There is a well written and fairly balanced discussion of the Iowa payday loan industry written by Alec Schierenbeck of The Iowa Independent. In addition to Iowa, it highlights many of the issues faced by regulators of the Payday Loan Industry
Attempts to regulate the payday loan industry out of existence at the expense of consumers with a real need for small, noncollateralized loans must be balanced or unintended consequences will result. Comments by so-called consumer protectionists to ban the payday loan product or reduce the interest rates to an unsustainable rate (ie:36% APR) and thus “force these consumers to go to family and friends for a small loan to fix the car to get to work or to feed the kids is not an option. These “protectionists” need to spend an hour on the phone in a payday loan store where they’ll discover it’s often the family members of those in need who are calling us to inquire about a loan! The family doesn’t want to loan the payday loan consumer any more money because THEY NEVER GET PAID BACK!
For a taste of this payday loan article:
“And as policymakers attempt to clean up the nation’s credit mess, they will confront many of the same questions raised by the explosive growth of payday lending. At what point is an interest rate too high? When is a convenient loan too convenient? And how should governments balance regulation with respect for private enterprise and individual choice?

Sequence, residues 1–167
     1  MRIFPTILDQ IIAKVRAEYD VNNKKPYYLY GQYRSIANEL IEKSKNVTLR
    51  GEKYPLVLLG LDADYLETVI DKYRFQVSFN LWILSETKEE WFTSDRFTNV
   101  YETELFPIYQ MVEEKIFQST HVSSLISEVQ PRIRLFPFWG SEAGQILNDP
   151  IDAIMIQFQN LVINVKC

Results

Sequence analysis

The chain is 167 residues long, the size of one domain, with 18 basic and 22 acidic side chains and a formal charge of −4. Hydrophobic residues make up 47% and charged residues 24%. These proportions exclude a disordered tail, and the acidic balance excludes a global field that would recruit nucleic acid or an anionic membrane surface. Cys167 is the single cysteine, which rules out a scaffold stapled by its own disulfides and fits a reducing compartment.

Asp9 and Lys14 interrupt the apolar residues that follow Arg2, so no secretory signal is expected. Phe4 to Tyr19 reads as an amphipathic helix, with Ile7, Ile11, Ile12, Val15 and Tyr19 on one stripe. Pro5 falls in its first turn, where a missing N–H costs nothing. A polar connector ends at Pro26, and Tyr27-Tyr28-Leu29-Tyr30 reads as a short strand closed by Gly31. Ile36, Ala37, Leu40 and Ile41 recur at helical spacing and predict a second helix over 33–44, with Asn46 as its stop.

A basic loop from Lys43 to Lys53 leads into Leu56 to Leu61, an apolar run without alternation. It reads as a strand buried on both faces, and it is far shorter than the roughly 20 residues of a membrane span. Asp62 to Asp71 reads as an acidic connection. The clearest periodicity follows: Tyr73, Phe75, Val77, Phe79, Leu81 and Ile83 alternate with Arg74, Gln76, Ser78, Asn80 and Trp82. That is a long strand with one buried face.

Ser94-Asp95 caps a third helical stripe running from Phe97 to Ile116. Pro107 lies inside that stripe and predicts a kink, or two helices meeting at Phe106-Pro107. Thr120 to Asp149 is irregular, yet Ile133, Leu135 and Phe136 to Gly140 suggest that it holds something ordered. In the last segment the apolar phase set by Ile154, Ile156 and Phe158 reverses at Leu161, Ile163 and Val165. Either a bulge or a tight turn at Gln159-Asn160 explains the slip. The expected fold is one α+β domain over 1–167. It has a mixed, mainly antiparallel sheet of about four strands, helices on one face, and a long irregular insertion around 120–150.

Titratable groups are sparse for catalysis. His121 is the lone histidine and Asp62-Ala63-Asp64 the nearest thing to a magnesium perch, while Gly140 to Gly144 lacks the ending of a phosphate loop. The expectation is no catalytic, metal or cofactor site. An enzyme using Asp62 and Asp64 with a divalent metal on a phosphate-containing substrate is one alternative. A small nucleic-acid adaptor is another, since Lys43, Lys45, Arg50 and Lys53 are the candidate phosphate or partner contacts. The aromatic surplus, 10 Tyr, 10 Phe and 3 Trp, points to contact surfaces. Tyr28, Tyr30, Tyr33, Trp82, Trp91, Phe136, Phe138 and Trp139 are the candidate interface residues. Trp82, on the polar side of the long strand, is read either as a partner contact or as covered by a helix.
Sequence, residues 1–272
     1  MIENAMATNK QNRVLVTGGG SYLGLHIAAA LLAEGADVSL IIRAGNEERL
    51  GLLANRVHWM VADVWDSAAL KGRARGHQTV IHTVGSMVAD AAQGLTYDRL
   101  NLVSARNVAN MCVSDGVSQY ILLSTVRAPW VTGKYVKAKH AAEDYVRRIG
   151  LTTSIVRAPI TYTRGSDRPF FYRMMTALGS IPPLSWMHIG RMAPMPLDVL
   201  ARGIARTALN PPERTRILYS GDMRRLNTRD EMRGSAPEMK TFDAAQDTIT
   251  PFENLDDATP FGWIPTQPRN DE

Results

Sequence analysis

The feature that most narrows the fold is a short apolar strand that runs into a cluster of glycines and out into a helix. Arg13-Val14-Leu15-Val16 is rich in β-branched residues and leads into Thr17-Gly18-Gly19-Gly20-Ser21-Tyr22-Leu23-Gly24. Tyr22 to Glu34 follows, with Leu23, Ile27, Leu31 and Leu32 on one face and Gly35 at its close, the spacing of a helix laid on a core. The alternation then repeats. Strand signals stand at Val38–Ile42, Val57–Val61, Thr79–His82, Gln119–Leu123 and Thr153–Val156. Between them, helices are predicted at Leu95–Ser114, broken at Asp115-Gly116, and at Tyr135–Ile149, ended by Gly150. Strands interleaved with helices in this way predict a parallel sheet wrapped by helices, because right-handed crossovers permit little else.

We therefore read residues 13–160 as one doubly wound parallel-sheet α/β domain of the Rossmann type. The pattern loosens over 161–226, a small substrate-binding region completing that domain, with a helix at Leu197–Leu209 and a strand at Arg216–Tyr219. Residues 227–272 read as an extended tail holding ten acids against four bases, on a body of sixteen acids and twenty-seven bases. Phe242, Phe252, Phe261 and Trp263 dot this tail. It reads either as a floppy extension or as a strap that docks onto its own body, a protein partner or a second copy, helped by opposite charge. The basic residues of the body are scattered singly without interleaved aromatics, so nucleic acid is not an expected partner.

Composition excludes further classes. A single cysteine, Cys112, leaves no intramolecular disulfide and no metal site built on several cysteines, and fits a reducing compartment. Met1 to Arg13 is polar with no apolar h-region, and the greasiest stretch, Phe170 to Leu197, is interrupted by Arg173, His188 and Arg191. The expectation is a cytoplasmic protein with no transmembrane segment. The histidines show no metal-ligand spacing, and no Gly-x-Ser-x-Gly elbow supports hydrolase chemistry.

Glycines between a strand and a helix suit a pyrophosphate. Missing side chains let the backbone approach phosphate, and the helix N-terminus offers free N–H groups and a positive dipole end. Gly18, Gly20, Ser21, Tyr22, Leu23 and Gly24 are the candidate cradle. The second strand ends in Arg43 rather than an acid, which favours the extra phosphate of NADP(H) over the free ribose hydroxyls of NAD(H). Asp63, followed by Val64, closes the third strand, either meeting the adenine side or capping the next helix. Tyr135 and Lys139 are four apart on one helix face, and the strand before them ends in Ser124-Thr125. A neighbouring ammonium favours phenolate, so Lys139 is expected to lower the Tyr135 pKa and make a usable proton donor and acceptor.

While the industry continues to grow at breakneck speed in many parts of the country, six states and the District of Columbia have decided that payday lending goes too far. Just this year, Ohio became the most recent state to pass legislation effectively eliminating the loans by imposing a cap on interest rates of 28 percent. At that rate, say payday lenders, their businesses have no choice but to close.
‘They’ve saved my life’
But Tammy, a mother and part-time employee at a nursing home in Newton, Iowa, believes that an Iowa ban on payday loans would be a disaster. “They’ve saved my life quite a few times,” she said on a recent afternoon, as she stood in the parking lot of a Newton strip mall after paying off a loan for $125 along with its finance charge of $19.44, which amounted to a 405.46 percent annual interest rate.
She accepts the steep finance charges because, for people like Tammy and her husband, there aren’t many other options. For those who have already exhausted their credit cards, it’s difficult to find another way to borrow money in the short term. And traditional banks, even for customers with stellar credit, rarely deal in loans as small as Tammy takes out on a regular basis.
As she reflected, “There have been times when I had to come here just to get food to feed my family.”
More on payday loan laws and legislation can be found here: www.Payday Loan Legislation.com